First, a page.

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. Last Updated: 07/27/2016

Ghost Town to Become Millionaire's Candyshop

KITSAULT, British Columbia -- The Millionaire Who Bought a Town likes to save a buck. He breakfasts at McDonald's, flies economy class and asks for a doggie bag when he doesn't finish his meal at motel restaurants.

But when, several months ago, the Virginia-based businessman saw a news story about a whole town being for sale in remote western Canada, he called the same day to offer a check for $5.7 million -- sight unseen.

Today, Krishnan Suthanthiran owns Kitsault, a ghost town abandoned by miners' families more than 22 years ago and preserved like a museum display of suburbia -- though one through which bears occasionally wander. Suthanthiran, who was born in India and made his fortune selling medical devices and real estate in the Washington area, said he jumped at the chance to buy Kitsault because, "one, it is beautiful up there, and two, I couldn't believe it wasn't being used. I said if nobody else could figure out what to do with a town, I can."

His ideas for transforming the empty community, located in a majestic natural setting, tumble forth: Kitsault will become an eco-tourist destination or an artist's colony. He will hold conferences, gathering scientists for forums and evening salmon-roasts on the beach. Wedding receptions. A corporate retreat. A movie set. Skiing, hiking, a spa, bans on smoking and cars, maybe a high-speed hydrofoil to bring tourists 85 miles from Prince Rupert. "I feel like a kid in a candy shop," he said.

Kitsault, 500 miles northwest of Vancouver, was to be a model mining town. Instead, it became a monument to corporate misjudgment. In the late 1970s, Amax of Canada Limited chose to reopen a local mine, dormant since 1972, that produced molybdenum, a metal used to harden steel.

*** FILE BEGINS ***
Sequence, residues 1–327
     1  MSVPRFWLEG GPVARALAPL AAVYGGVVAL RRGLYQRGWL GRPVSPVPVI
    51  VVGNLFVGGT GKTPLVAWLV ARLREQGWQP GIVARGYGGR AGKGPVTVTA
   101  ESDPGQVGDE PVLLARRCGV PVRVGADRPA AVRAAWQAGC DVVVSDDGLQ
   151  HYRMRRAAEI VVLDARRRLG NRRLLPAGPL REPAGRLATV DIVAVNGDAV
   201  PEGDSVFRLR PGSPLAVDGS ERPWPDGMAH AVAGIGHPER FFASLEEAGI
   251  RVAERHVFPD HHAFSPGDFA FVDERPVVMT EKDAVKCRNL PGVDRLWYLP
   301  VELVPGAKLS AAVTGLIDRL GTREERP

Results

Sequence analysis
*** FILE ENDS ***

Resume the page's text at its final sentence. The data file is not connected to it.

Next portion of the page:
Amax created a modern, planned community to house 1,200 miners and their families. The company built seven apartment buildings and 92 suburban homes with aluminum siding and green lawns. The town boasted a recreation center with a gleaming hardwood-floor gym and a swimming pool, health clinic, community center, library and day-care facility.

But just as the families were getting settled, the price of molybdenum plunged, from a $15-per-ton high to $3. An oversupply of the ore from competing mines and the recession of the 1980s killed off the "moly" market.

There were occasional attempts to sell the property, but no takers until the price dropped and Suthanthiran noticed the ghost town for sale.

The frozen-in-time look of the town is deceptive, though. Ants are chewing away at the wood foundations; mold has crept into the eaves. The electrical wiring is brittle, and the sewage system, which runs straight into the estuary, probably will not pass today's standards.

"I don't think he really knows what he's gotten into," mused Edmond Wright, secretary-treasurer of the Nisga'a Lisims native government, which represents the aboriginal villages that are Kitsault's closest neighbors. "We're really out in the boondocks here."

Suthanthiran is undeterred by skeptics. "We're going to focus on the future," he said. "People are going to say, 'Wow.' And they will forget about the past. The ghosts will be exorcised."